Monday, 10 August 2009 00:00

People Make Projects Fail

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The other day a friend said that there were three reasons for project failure. I took exception and stated there were two. As I thought about it more, there is only one. People are at the root of all failures, everything else is a symptom. Let’s look at some common reasons.

The project is over constrained. People set the constraints. If they do not understand the project well enough to set the constraints, or listen to the people that are suggesting the constraints, then they are the problem.

It is poorly managed. Enough said about this. It is a people problem by definition.

It was unachievable to begin with. This is really a subset of over constraint—severe over constraint. Nearly anything is achievable given the right resources. Yes, there may be some that are truly a waste of time, bringing back the dead falls into this category. Or, does it? Wouldn’t cloning the person be a form of this? Isn’t that, in reality, only a constraint? The cases that are technically infeasible, are management issues. The proper due diligence, done at the onset, will prevent them from happening.

When I posted this blog originally, I used a tweet saying failure was due to people not process. There was an immediate response that Deming and Juran would disagree. They were all about systems, not really process. Process, proper process, made the system more predictable. They followed the 85/15 rule regarding people. This rule is, 85% of a worker's effectiveness is determined by the system he works within, only 15% by his own skill. However, implementing an improper process is a human problem, not a process problem.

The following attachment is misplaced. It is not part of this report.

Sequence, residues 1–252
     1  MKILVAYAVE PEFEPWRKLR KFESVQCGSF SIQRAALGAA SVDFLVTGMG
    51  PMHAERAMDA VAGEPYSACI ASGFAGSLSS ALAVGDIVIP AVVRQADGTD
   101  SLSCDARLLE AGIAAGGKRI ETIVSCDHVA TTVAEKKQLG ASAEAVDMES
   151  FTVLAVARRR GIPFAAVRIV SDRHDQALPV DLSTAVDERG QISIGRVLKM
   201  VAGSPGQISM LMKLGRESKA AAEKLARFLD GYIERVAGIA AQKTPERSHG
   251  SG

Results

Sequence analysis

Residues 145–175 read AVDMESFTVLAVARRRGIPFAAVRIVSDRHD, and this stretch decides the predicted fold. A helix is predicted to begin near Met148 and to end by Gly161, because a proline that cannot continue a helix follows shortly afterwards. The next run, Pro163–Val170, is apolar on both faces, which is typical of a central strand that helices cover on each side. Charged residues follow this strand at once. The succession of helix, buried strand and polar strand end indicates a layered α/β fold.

Experience says stick with people as the problem. If we focus on people and not totally on process, our projects would be better off.

The human factor is sorely missing from project management. People seem to think that process will fix it all. Process will do nothing until we can get the people to develop good processes and then get everyone to apply that process correctly and follow it.

Simply applying a process solves nothing. A process to define all requirements prior to building a product might be great for pulling

network wire, building a house or upgrading a CRM system. Building the next generation got-to-have whiz-bang electronics device, however, cannot be generated under those rules. Some form of iterative development process is much better. Who makes those decisions to apply the wrong methodology? People.

The two-part People vs. Process (July 2009 and September 2009 issues) in PM Technique eZine cover this in more detail.

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